The Gulf Coast of the United States is a wonder. Its marshlands are breeding grounds and nurseries for ocean life that keep the nation’s fishing and shrimping industries afloat. Its corridors of petrochemical plants and offshore drilling platforms are the lifeblood of the fossil fuel industry. Its pristine beaches and warm breezes drive the tourism industry.
But these qualities make it especially vulnerable — to sea level rise and increasingly intense hurricanes, to economic devastation and pollution, to poor health outcomes for those living near industrial facilities and rampant development that destroys fragile ecosystems.
Southerly tells the stories of challenges and solutions in the Gulf States of Florida, Alabama, Mississippi, Louisiana, and Texas. We bring context to the constant changes, and cover communities often overlooked, like tribal nations who have called the coast home for generations, and small, rural places that don’t receive the same attention and aid as large cities.
Our Gulf Coast correspondent is Carly Berlin. If you live on the coast and have a story tip or know of an issue that isn’t covered enough, contact us using this form.
- Louisiana government researcher says she was fired for raising alarm about dolphin deaths
According to studies, a major coastal project could lead to more dolphin fatalities. This story was published in partnership with Louisiana Illuminator. Gulf Coast researchers are…
- ‘Communities shouldn’t have to rely on miracles’: A conversation with Samantha Montano
We sat down with the disaster researcher to discuss her forthcoming book, Disasterology: Dispatches from the Frontlines of the Climate Crisis.
- ‘The water’s coming in’: How Grand Isle residents are coping as their home washes into the sea
Without more sand, Louisiana’s barrier islands are shrinking at a rapid rate as sea levels rise, and becoming more costly to maintain. This story was published…
- How we made a mental health resource guide for southwest La. residents
Mental health was a recurring theme in our series on hurricane recovery during the pandemic. Download the guide here. After Hurricanes Laura and Delta hit Lake…
- ‘People are wiped out’: Costs pile up as hurricane season begins
Hurricanes, a winter storm, and spring floods have left low-income Gulf Coast residents exhausted and cash strapped before this year’s season, with no significant aid in sight.
- ‘Hurricane fatigue’: Gulf Coast emergency managers still rebuilding as they prep for more storms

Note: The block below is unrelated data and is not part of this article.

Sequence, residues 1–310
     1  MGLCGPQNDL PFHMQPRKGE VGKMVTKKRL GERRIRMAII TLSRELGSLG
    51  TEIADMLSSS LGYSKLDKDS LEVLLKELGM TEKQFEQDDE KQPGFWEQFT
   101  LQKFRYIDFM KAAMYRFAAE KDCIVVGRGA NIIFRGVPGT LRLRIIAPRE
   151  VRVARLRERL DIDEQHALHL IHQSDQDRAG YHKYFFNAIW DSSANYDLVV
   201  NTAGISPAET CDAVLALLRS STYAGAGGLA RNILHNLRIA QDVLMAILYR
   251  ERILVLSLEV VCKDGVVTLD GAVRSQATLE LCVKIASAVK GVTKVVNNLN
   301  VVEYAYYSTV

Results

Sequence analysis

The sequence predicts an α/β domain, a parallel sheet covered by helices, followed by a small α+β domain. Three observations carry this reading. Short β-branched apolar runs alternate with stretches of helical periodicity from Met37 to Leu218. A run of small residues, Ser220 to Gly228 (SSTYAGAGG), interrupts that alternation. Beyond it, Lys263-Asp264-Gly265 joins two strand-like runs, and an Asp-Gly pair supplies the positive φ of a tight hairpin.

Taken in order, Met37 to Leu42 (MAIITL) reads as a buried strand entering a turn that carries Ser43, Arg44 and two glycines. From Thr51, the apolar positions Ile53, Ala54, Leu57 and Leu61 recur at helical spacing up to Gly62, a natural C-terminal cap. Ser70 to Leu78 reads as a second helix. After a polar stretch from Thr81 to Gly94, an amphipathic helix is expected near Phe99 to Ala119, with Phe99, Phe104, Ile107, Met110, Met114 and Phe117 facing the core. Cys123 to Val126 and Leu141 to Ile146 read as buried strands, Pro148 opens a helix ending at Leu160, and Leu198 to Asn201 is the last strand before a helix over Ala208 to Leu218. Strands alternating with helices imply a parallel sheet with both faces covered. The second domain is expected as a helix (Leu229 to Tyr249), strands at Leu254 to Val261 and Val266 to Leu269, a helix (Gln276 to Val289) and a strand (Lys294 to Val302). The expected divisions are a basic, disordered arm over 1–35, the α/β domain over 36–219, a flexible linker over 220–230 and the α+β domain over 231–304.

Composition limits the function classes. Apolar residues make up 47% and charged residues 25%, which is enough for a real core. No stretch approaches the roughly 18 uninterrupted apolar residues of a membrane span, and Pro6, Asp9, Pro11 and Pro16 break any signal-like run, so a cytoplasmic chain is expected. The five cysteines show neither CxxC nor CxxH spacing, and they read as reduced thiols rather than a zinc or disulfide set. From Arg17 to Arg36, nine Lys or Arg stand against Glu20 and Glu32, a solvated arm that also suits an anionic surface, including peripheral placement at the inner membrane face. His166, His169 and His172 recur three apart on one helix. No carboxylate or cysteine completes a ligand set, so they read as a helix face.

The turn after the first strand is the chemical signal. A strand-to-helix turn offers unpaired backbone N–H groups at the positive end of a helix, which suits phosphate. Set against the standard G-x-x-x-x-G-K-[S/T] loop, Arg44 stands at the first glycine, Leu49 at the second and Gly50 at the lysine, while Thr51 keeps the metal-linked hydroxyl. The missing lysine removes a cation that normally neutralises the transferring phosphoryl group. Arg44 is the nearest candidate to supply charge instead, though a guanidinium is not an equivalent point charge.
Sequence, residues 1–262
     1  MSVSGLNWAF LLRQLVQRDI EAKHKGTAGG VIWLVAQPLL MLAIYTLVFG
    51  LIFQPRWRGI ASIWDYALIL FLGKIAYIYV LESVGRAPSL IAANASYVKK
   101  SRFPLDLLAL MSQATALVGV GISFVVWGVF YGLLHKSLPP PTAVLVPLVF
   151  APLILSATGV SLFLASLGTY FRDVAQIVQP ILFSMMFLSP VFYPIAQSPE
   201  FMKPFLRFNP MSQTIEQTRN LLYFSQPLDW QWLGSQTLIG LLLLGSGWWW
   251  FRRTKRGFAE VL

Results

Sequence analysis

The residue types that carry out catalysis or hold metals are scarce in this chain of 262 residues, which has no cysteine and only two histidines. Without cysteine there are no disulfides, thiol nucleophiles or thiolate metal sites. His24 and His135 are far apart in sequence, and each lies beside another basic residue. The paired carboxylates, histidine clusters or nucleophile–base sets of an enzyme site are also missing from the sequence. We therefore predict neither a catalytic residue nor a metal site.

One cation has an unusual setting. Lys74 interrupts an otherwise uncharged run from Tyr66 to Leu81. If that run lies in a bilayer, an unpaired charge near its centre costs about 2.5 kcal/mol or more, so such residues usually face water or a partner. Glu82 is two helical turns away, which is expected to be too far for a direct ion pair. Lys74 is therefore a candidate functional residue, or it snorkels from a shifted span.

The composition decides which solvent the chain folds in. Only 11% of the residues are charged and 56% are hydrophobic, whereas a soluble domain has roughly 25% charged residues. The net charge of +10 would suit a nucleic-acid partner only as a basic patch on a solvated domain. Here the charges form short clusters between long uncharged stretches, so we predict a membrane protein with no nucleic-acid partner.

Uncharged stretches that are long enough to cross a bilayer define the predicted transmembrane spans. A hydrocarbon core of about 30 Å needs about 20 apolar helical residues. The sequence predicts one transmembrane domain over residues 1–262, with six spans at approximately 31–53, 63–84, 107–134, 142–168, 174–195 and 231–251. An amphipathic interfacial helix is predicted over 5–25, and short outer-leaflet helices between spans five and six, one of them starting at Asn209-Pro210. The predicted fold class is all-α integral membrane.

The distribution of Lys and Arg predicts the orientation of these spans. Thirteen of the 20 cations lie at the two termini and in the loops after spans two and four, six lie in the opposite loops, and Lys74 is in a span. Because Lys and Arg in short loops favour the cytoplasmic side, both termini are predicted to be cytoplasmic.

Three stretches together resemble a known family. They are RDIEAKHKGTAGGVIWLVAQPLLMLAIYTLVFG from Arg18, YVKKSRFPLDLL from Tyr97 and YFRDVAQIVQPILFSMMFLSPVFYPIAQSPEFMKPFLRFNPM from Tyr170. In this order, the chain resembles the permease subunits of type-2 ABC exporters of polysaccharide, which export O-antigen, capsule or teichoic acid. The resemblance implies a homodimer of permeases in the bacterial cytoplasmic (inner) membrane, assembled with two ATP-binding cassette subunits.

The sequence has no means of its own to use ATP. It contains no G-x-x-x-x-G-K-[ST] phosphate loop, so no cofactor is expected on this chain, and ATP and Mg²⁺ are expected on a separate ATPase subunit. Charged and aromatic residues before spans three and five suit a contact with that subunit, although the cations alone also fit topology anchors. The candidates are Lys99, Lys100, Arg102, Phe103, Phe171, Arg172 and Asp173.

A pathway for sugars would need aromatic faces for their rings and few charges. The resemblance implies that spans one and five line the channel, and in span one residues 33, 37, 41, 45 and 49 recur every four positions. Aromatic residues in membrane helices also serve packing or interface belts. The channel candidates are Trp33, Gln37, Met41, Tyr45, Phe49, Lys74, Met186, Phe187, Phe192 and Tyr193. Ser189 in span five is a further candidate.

Local officials are working to inform the public while still recovering from 2020’s record-breaking season—all on tight budgets.
- Love bugs
We asked readers to submit memories and reflections about what fireflies and cicadas mean to you. Here are some of them:
- The population of Lake Charles, La. shrank more than any U.S. city in 2020
New USPS data tells a story about climate change and displacement.
- The multibillion dollar question: What will it take to fix the South’s broken water systems?
The winter storm revealed the fragility of rural and urban water systems. Biden’s new infrastructure plan could help improve them — but it’s only a start.
- In Louisiana, hotel shelters wind down as COVID-19 and housing insecurity persist
This story was originally published by The Current. Pillows are in short supply at the Lafayette warehouse operated by the Acadiana Regional Coalition on Homelessness and…
- How Pensacola’s Black grocers are providing access to fresh, affordable food
In a county with high rates of food insecurity, longtime residents are working to fill the gaps.
- Field Notes: How we reported our series on Hurricane Laura recovery
For seven months, Southerly has stayed on a story that received far too little media attention. Here’s how we did it.
- Nobody warned Texans about the public health risks of the winter storm
Without advance warning about the true scale of power outages and the risks of carbon monoxide poisoning, local officials say they were caught off guard, leaving residents to fend for themselves.
- How southwest Louisiana mobilized to shelter unhoused people during the winter storm
Six months after Hurricane Laura, Lake Charles is still in a state of disrepair. The deep freeze has slowed recovery even more.
- Mississippi biomass facility fined for emitting three times more air pollution than permitted
Wood pellet manufacturing plants have underreported emissions at plants throughout the South, which are most often in Black and low-income communities.